Toyota has been the target of a number of patent infringement suits
involving hybrid electric vehicles in the last several years (e.g., see
previous posts here, here and here).
So instead of waiting to be sued again, this time the automaker got a
jump on Palo Alto-based hybrid and electric vehicle technology company Efficient Drivetrains Inc.
(EDI) and brought its own action for declaratory judgment of
noninfringement and invalidity of several patents relating to power
output control and charge depletion methods for hybrid electric
The complaint (Toyota-EDI_Complaint), filed in federal court in San Jose, California, lists U.S. Patents Nos. 5,842,534 ('534 Patent), 6,054,844, 6,116,363, 6,809,429 ('429 Patent) and 6,847,189
('189 Patent) (collectively "Asserted Patents") and also names the
Regents of the University of California, the owner the Asserted Patents,
as a defendant.
According to EDI's web site, the company holds an exclusive license
for the entire University of California - Davis patent portfolio
relating to hybride electric vehicles and continuously variable
transmissions (read more about the licensed technology here). UC Davis Professor Andy Frank is the named inventor on all of the Asserted Patents.
Most of the Asserted Patents are directly related, or at least
incorporate and improve upon each other, and four out of five trace
priority back to an original filing date of 1995.
The earliest patent, the '534 Patent, was filed in 1997 and is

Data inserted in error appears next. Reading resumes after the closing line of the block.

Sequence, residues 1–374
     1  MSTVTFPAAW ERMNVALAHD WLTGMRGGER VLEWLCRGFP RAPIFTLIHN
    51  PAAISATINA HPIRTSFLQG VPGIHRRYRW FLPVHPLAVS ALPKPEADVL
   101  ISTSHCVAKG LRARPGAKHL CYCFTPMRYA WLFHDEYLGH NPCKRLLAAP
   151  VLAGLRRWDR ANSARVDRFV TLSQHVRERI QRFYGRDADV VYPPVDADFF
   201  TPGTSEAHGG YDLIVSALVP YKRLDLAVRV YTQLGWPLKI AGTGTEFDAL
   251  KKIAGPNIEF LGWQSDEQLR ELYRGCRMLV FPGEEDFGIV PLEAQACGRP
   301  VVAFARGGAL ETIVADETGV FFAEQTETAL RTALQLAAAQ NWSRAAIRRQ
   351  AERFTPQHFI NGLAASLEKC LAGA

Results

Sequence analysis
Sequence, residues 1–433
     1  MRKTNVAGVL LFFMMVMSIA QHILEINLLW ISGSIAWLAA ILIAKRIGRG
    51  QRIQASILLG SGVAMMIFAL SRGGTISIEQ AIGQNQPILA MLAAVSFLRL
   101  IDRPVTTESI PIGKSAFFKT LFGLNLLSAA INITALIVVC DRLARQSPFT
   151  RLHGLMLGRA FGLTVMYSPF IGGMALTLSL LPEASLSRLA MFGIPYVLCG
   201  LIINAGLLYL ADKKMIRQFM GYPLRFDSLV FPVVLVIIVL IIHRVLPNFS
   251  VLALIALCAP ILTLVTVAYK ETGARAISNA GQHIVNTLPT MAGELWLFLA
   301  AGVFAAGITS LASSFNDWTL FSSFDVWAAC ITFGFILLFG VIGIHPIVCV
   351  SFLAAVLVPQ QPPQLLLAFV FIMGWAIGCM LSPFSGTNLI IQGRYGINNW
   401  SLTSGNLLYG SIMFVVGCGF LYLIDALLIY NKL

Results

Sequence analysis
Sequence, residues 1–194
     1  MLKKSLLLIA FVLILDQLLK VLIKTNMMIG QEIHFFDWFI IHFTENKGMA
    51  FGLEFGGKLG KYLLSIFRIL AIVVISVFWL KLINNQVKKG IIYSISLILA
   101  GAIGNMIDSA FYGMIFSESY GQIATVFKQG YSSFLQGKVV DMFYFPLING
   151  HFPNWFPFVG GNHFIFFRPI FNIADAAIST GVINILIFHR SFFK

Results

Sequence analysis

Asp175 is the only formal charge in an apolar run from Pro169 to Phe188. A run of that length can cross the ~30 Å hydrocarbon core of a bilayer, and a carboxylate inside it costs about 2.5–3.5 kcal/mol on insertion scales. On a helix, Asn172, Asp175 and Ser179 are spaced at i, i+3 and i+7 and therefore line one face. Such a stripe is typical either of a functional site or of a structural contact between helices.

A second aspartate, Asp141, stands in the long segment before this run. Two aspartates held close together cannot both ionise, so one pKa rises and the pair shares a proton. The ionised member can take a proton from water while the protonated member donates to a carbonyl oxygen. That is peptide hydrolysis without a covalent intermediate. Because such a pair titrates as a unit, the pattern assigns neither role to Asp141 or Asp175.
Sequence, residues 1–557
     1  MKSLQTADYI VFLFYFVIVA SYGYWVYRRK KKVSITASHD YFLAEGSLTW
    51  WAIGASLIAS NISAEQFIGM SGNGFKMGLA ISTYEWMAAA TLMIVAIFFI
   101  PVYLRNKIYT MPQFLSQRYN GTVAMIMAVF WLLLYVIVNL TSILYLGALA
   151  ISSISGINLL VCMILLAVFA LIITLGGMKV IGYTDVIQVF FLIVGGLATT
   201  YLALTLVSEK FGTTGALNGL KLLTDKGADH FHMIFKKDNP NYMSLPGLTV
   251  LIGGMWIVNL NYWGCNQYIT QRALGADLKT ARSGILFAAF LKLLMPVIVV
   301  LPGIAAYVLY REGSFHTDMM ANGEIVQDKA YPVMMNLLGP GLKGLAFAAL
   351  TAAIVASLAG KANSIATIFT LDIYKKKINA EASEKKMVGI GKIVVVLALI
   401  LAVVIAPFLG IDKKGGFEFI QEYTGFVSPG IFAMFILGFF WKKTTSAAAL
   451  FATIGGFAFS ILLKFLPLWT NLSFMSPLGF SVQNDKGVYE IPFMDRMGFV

directed to methods and apparatus for controlling a hybrid electric
vehicle to optimize efficiency in varying driving conditions.
The method is performed by sensing the vehicle speed and battery
depth of discharge (steps 110 and 120) during operation by the electric
motor (12) and comparing them with a control curve (150).If those parameters exceed a predetermined threshold, the internal
combustion engine (14) is brought on line by engaging the clutch (step
170) and turning on the internal combustion engine (14) (step 180).
The electric motor (12) can be used to supply additional power (200)
if the need for additional power demand is sensed (190). If
the internal combustion engine (14) is operating at closed throttle and
the brake pedal is depressed for deceleration (210), the electric motor
(12) is operated in regeneration mode (230).
Through continuation applications, the subsequent patents claim
improvements upon and variations of the methods of the '534 Patent such
as power output control where the internal combustion engine is coupled
to a continuously variable transmission ('429 Patent) and control
methods for hybrid electric vehicles with smaller battery packs ('189
According to the complaint, EDI's counsel offered Toyota a license to
the Asserted Patents, and subsequently contended that Toyota's hybrid
electric vehicles infringe the Asserted Patents and indicated their
intention to enforce the patents against Toyota. Apparently, that's
when Toyota took matters into its own hands.
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Nice post, i like how you added the graphics to explain the issues. Thanks for sharing!